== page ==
The Lamb Hotel


Heritage Category:
Listed Building
List Entry Number:
Date first listed:
Location Description:
Statutory Address:
High Street, Hartley Witney, Hook, RG27 8NW


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Statutory Address:
High Street, Hartley Witney, Hook, RG27 8NW

The building or site itself may lie within the boundary of more than one authority.

Location Description:
Hart (District Authority)
Hartley Wintney
National Grid Reference:


A former hotel, now being converted to domestic use. Of late C16 or early-C17 date with C19 and C20 additions and alterations.

Reasons for Designation

The Lamb Hotel, High Street, Hartley Wintney, Hampshire is listed at Grade II for the following principal reasons:

Architectural interest:

* the building contains a significant quantity of C16 and C17 timber framing of quality; * the plan indicates a sizeable structure which was either built as an inn, for those using the London to Southampton road, or else converted to one at a relatively early date.

Historic interest:

* the building is the last surviving example of a series of coaching inns located in Hartley Wintney and indicates the history of travel by road in England prior to the introduction of turnpike roads.

Group value:

* the Lamb Hotel has group value with the Baptist Church, the Former District Council Offices (formerly Monachus House), Kenward House and wings and Park Corner (all in the High Street and all Grade II).


The majority of the eastern end of the northern wing dates from the C16 and the upper portion of the southern gabled range which now has a cart entrance to the ground floor appears to be of approximately the same date. The Ordnance Survey (OS) map published in 1872 shows the original length of the northern wing of the pub to have been shorter at its eastern end than at present. Immediately to the south of this wing was a covered entrance through to the yard, which lay to the west of the range fronting the street. By the time of the OS map of 1896 there was a uniform line to the street front, caused by an extension at the eastern end of the north wing. The covered entrance to the yard had also been removed and it is likely that the central portion of the street front was rebuilt in the period between the publication of these two maps. This rebuilt portion, of late-C19 date, is of lesser interest.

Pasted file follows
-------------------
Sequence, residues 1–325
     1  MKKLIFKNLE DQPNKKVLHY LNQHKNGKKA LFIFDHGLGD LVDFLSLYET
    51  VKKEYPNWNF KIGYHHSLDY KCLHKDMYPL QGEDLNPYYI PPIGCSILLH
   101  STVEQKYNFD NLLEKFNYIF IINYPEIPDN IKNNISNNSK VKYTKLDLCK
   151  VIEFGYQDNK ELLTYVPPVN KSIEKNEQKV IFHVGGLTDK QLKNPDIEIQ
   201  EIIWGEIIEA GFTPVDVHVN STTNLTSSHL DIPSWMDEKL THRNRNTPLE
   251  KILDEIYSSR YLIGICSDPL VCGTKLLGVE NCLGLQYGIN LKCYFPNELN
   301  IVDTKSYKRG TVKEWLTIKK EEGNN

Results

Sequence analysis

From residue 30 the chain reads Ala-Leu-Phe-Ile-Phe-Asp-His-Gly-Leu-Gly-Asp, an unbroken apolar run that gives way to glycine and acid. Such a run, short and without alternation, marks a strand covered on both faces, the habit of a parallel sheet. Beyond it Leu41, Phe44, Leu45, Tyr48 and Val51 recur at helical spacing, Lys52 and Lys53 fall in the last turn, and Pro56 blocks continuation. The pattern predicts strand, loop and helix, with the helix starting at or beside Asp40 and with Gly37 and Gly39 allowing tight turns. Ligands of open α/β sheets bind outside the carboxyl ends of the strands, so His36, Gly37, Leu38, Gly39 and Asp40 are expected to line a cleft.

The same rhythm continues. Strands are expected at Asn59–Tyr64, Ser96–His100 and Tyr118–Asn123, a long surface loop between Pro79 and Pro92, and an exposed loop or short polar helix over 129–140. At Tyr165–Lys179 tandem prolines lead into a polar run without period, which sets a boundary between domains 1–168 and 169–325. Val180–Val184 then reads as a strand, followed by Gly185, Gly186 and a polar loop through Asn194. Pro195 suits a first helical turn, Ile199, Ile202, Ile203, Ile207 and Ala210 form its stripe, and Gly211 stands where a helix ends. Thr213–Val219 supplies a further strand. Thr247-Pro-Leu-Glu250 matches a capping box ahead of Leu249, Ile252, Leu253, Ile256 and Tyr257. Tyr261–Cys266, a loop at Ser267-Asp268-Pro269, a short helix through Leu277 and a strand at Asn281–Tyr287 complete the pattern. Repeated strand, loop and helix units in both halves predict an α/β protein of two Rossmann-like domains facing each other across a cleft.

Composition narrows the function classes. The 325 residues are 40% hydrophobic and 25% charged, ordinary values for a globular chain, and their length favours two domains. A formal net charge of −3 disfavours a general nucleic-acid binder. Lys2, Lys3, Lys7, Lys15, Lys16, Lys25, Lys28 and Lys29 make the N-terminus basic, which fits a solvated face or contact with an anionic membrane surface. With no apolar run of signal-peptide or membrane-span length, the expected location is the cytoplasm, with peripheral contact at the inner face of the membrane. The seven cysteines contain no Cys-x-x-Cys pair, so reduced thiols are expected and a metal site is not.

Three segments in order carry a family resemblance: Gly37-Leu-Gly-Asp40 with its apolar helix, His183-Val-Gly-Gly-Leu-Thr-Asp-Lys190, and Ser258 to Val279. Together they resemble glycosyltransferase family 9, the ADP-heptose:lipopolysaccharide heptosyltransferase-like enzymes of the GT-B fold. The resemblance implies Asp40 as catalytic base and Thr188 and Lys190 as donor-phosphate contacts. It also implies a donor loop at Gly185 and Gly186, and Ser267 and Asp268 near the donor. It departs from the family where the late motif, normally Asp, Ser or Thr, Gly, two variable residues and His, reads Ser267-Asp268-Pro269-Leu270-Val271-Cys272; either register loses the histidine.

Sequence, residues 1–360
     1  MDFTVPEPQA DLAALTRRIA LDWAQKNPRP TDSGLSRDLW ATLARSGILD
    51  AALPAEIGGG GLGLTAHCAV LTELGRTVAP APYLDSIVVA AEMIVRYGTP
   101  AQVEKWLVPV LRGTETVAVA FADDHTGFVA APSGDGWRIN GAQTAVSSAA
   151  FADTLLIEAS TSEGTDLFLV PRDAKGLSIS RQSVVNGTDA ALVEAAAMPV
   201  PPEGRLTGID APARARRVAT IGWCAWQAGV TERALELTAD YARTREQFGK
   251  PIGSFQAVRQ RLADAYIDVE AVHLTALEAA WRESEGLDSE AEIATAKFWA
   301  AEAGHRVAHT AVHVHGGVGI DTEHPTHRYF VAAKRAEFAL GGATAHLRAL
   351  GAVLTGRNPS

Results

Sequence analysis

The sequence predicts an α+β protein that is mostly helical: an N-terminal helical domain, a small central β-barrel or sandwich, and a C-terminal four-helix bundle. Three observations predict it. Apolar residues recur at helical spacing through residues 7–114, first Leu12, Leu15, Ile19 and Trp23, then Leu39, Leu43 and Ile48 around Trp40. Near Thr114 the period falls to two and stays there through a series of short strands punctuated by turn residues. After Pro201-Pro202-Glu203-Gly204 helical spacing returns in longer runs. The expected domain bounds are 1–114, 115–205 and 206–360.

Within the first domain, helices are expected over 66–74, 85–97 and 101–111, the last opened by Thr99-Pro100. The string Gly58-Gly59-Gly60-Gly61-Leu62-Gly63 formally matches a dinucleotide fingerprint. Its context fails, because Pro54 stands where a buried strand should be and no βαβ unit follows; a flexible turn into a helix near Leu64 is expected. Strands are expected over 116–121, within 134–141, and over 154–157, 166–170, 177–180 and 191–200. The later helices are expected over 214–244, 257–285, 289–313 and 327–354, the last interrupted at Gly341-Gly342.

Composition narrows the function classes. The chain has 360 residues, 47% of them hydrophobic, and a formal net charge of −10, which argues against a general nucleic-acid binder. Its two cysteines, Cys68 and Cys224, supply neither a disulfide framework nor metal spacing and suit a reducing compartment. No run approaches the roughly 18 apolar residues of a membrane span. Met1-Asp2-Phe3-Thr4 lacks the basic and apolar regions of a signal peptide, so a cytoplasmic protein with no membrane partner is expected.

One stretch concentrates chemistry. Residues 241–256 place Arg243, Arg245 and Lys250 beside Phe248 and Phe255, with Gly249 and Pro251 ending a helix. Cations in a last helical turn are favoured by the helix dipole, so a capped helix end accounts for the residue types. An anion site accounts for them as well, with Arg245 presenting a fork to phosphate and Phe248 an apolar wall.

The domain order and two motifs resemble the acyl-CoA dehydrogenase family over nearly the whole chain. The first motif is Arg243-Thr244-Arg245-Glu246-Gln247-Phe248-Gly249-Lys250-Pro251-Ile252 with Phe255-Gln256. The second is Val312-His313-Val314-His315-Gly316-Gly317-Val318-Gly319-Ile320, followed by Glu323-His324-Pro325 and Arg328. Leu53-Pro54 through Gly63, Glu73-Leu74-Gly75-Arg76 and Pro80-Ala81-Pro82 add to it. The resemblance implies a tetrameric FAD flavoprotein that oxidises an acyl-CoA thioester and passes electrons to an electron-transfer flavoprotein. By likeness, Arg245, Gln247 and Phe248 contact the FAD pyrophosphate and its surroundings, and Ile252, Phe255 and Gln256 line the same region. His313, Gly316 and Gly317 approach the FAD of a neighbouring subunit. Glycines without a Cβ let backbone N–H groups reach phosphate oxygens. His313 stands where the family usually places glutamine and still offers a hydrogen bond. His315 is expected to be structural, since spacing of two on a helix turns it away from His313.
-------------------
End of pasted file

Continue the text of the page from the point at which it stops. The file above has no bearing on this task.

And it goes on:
By the time of the 1911 OS map the present entrance to the yard at the far south of the entrance front is identified on the map, apparently caused by cutting through the ground floor of a pre-existing, gabled range. At the southern end of the site a building facing the street and adjoining the hotel front, is shown on the OS maps including that published in 1931. This is believed to have been a bakery and had disappeared by the time of the 1976 OS map. Permission was granted for its demolition in 1949 (General Development Order 1947. HWR 276 DI) and the site became the hotel car park, but has recently (May 2019) been redeveloped as housing. The area to the west of the yard entrance was also built over in the C20.

The Lamb is positioned on the western side of the A30, formerly a major route from London to Southampton, and must have catered to passing trade. Hartley Wintney was noted for the number of coaching inns according to the C17 diarist Celia Fiennes. The hotel also appears to have been a centre for community activities in the C19. Court Leets met in the building and it was the starting point for coaches connecting the town to the railway.

The C19 former brewhouse, to the north of the hotel, was converted to domestic accommodation and has now been demolished. The building no longer operates as an hotel and is in the course of sub-division and conversion to domestic use.


A former hotel, now being converted to domestic use. Of late C16 or early-C17 date with C19 and C20 additions and alterations.